SINGTEL'S bid for even more market share has begun in earnest, with the 2014 Fifa World Cup Brazil matches going on sale and an early-bird discount kicking off yesterday.
Now, anyone who signs up for or extends a mio TV Gold Pack or mio stadium+ contract for 24 months will get the World Cup matches - which start on June 12 - for free.
The mio stadium+ package essentially carries Barclays Premier League (BPL) matches and is available on both SingTel's mio TV and its rival, StarHub. Regardless of platform, the subscription revenue goes to mio TV.
The monthly subscription fee for the Gold Pack is either $64.90 or $69.90, depending on the choice of package.
Those who do not want to be locked into a contract with mio TV will have to fork out more for the World Cup, paying either a discounted price of $88 (without GST) which is available until April 17, or a regular price of $105 (without GST) beyond that date.
Incidentally, this discounted price is the same as the regular price of the 2010 World Cup, then acquired in a joint bid by mio TV and StarHub. Viewers watching the World Cup on either mio TV's or StarHub's platform are eligible for this discount.
This World Cup pricing and discount applies to residential customers. Packages for business owners will be announced "shortly", SingTel said yesterday.
"Our discounted one-time price of $88 is our way of commemorating the start of our sales with fans, just as we are thanking our loyal football customers for their support by offering the World Cup at no additional charge," said Allen Lew, country chief officer, Singapore. "We want to make sure that everyone is ready to watch once the opening match kicks off, so we encourage customers to order early to ensure timely installation."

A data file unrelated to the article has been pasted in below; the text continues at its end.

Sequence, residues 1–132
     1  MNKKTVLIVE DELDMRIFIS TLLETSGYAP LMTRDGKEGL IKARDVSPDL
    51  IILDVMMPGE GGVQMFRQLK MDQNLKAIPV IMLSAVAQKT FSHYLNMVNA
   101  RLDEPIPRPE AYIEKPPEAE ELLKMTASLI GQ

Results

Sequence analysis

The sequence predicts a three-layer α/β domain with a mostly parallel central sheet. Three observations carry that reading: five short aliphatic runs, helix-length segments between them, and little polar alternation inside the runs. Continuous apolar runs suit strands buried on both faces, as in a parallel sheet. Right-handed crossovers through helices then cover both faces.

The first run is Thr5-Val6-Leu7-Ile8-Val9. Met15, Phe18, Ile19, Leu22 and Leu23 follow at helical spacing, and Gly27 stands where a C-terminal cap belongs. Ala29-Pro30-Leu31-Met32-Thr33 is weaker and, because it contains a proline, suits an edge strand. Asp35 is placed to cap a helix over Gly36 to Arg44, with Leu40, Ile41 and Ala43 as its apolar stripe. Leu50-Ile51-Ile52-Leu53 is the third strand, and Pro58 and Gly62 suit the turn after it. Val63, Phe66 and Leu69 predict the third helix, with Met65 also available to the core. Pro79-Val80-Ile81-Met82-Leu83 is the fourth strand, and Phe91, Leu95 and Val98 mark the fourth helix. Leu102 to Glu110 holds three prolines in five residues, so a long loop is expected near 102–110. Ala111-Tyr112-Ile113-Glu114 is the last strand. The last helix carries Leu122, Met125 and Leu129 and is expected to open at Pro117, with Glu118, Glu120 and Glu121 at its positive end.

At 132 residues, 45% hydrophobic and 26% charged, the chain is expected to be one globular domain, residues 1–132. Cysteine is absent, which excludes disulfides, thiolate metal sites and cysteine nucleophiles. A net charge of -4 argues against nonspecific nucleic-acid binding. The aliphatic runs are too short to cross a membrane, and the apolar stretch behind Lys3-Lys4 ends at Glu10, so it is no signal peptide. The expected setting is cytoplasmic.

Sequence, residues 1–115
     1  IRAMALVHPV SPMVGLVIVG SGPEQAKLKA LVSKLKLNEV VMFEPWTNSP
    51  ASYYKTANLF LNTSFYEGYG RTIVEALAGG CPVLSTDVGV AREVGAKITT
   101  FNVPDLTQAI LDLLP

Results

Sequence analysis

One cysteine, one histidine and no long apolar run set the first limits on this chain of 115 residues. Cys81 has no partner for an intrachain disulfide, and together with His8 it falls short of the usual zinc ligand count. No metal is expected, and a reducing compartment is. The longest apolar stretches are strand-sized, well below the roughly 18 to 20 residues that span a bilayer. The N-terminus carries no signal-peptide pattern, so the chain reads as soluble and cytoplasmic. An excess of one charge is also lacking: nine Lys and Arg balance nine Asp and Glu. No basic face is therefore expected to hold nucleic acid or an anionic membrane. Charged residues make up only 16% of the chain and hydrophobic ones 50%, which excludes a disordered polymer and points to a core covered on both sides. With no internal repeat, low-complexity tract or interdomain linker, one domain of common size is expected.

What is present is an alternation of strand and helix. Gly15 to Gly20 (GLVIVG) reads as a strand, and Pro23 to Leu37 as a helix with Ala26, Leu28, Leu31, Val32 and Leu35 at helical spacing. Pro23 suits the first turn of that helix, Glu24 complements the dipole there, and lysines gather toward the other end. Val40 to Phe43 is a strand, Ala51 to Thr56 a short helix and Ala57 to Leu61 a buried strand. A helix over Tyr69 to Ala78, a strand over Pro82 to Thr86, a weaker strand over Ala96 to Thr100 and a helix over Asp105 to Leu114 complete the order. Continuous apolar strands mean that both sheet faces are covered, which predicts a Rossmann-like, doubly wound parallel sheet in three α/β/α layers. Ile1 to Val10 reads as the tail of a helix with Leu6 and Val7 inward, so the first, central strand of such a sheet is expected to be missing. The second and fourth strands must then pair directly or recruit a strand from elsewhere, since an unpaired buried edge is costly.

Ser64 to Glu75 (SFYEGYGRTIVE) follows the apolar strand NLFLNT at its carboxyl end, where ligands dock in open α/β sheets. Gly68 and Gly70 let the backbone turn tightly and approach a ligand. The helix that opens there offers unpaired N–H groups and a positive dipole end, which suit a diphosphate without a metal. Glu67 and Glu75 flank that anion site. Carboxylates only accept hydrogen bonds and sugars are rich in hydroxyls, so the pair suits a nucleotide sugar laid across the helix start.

Where football is concerned, SingTel is playing a much bigger game, trying to lock viewers into the contracts that offer the World Cup for free as a sweetener.
The length of the contracts, 24 months, is also roughly about the same amount of time that SingTel has left on its BPL deal, which expires in 2016.
Since at least 2010, SingTel has used football as a crowbar to prise open a market dominated by StarHub. After StarHub lost the exclusive BPL rights to its rival for the 2010-2013 seasons, its customer base dipped.
While StarHub eventually recovered from this, viewership slid again, falling by some 15,000 subscribers from December 2011 to its nadir in June 2013, as mio TV swept up other smaller football broadcast rights and strengthened its non-football stable of content.
After the regulator ordered SingTel to share its BPL matches with StarHub last August under the cross-carriage rules, the latter's subscriber base finally started somewhat of a recovery. In the second half of last year, StarHub gained 3,000 subscribers from end-June 2013.
But it is early days yet, and it is unclear if this recovery is sustainable.
"SingTel's move to provide World Cup content for free to new mio TV and re-contracting users is potentially negative for Starhub as SingTel could potentially gain further market share within the pay-TV market," said Citi Research's Arthur Pineda in a report last month.
While mio TV's subscriber base is still smaller than StarHub's, the former is catching up at a startling rate. Between 2009 and 2013, the gap between StarHub's and mio TV's subscriber base went from 449,000 users to just 115,000.
Last year, mio TV made significant headway, gaining 20,000 subscribers while StarHub lost 3,000. With mio TV's new World Cup onslaught, the intensity of rivalry between the two operators will only increase. Both operators will have everything to play for, as it were.